Review: 10Gig Ethernet access switch shootout

See how Alcatel-Lucent, Cisco, Dell, D-Link, Extreme, Foundry and HP fared in our testing.

10 GBE access switch review highlights

Network World Lab Alliance member David Newman has just wrapped up four months of testing 10 GBE access switches from seven vendors, putting each switch through its paces in 10 categories. For a detailed methodology on how we tested features such as L2 and L3 IPv4 unicast and multicast performance, L2 multicast group capacity, 802.1X support, storm control, management and usability and power consumption, go here (Link to come on Friday). Flip through this slide deck to find out which switches came out on top and why.

Unicast throughput is almost a non-issue

Once upon a time, Layer-2 unicast performance tests would have produced by far the most important results, but that's changed. Measuring unicast throughput on all ports, once considered the acid test for access switches, is no longer a major differentiator. Even in the most stressful test case -- with a Spirent TestCenter traffic generator blasting minimum-length 64-byte frames at all switch ports -- throughput was at or very close to line rate for all switches except D-Link's 3650.

Catalyst 3750E-48PD-EF Series Switch

Score: 4.49 out of 5

Price as tested: $33,980*

Pros: Very extensive feature set, strong multicast scalability and performance

Cons: Forwarded unauthenticated data in one 802.1X case

*Price for switch with at least 48 10/100/1000 Ethernet ports; 2 10-gigabit Ethernet ports; 2 10GBase-SR transceivers; and all necessary software for IPv4 and IPv6 unicast and multicast traffic handling

Multicast is a big switch differentiator

In our group capacity tests -- run to determine how a switch could scale to support IGMPv3 multicast groups -- results varied from a high of 1,500 multi-cast groups for HP's ProCurve to less than 70 for Dell's PowerConnect box. The chart show multicast latency numbers. A large delta between average and maximum latency measurements may indicate an issue with jitter, which can have an adverse effect on delay-sensitive apps like voice and video. The HP and Alcatel-Lucent switches exhibit the greatest between average and maximum multicast latency, with spreads of hundreds or thousands of microseconds. In contrast, all other switches held up traffic at most 1-4 microsec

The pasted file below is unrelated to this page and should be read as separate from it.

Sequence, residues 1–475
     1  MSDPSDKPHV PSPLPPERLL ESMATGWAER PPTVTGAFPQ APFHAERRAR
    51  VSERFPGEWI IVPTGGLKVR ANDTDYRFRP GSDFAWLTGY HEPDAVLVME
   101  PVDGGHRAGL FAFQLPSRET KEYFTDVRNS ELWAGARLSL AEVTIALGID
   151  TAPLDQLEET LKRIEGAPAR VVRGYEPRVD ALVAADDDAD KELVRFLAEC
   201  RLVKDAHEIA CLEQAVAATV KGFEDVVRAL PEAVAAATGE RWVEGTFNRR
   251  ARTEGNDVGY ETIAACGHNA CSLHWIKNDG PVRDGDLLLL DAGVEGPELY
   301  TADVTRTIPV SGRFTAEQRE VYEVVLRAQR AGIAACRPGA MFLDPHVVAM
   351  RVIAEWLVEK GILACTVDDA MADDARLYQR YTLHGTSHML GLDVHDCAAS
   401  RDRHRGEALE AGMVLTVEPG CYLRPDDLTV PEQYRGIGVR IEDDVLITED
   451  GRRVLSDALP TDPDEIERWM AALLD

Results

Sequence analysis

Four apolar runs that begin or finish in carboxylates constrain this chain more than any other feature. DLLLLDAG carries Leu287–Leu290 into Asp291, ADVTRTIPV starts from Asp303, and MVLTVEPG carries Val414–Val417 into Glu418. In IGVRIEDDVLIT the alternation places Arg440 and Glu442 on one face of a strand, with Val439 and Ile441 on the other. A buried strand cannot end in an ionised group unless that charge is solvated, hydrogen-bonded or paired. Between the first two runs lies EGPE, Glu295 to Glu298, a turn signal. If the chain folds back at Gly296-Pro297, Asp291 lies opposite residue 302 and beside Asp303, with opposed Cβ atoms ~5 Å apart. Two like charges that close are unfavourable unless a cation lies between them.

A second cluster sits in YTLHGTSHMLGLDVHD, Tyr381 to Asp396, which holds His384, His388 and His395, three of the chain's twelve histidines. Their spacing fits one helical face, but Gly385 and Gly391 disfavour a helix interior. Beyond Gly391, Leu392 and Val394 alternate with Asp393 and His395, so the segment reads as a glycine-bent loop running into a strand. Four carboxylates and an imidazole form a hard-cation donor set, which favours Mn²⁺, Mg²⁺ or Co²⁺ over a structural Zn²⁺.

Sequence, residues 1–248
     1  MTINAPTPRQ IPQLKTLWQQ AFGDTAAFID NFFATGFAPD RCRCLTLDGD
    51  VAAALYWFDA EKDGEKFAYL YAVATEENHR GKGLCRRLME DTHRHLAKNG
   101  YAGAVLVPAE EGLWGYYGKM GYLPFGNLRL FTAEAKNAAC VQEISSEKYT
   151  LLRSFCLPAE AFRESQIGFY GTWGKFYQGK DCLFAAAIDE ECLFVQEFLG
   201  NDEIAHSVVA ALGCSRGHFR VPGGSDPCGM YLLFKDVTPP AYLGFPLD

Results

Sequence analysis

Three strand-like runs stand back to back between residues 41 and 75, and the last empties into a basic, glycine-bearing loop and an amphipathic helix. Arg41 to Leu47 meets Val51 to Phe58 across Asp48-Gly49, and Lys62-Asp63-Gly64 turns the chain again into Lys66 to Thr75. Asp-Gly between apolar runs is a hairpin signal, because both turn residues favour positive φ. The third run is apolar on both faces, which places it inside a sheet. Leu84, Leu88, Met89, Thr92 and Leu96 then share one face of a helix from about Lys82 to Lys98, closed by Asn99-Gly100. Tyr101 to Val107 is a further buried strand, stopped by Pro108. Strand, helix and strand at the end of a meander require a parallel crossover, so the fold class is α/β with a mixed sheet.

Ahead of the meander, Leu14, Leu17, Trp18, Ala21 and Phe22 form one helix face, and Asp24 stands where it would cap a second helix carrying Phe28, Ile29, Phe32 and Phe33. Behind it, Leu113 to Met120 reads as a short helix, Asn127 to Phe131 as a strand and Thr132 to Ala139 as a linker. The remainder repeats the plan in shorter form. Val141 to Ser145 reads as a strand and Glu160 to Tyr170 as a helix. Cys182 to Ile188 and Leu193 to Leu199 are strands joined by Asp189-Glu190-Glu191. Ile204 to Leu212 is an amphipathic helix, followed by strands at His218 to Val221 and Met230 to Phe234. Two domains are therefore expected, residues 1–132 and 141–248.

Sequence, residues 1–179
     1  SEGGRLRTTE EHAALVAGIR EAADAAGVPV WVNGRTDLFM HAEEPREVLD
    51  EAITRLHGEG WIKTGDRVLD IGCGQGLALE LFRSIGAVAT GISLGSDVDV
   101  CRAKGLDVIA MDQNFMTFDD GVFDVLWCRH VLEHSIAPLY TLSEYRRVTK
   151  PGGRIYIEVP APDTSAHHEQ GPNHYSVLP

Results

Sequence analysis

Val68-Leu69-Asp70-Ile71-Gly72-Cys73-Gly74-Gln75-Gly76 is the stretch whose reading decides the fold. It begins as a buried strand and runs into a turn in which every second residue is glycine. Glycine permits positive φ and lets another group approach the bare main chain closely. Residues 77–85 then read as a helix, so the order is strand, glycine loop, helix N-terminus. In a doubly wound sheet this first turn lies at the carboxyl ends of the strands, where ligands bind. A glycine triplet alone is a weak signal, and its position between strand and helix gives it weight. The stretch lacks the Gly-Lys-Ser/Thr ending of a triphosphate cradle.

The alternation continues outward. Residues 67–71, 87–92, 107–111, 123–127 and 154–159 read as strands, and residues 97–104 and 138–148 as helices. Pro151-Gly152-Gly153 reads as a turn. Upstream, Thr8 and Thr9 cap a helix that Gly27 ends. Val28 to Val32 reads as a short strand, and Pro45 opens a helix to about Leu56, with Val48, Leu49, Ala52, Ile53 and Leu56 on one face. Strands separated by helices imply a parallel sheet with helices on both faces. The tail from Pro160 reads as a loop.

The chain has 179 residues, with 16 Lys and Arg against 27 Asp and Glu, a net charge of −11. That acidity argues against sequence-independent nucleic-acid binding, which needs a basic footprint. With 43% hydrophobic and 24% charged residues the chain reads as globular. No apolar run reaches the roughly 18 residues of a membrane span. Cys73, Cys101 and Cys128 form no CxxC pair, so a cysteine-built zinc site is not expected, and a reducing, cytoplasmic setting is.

Product: HP ProCurve Switch 3500yl

Score: 4.46 out of 5

Price as tested: $16,096*

Pros: Strong unicast and multicast throughput and latency; highest Layer-2 multicast scalability

Cons: Limited Layer-3 multicast and IPv6 support in version tested

*Price for switch with at least 48 10/100/1000 Ethernet ports; 2 10-gigabit Ethernet ports; 2 10GBase-SR transceivers; and all necessary software for IPv4 and IPv6 unicast and multicast traffic handling.

Putting a spotlight on 802.1X authentication

Many switches today support 802.1X authentication, a basic building block in network access control (NAC). The key question is what kind of access authenticated users can expect. In the six test scenarios we developed for this project, we uncovered major differences among products in terms of the conditions under which they'll grant access, as well as what sort of access they'll permit.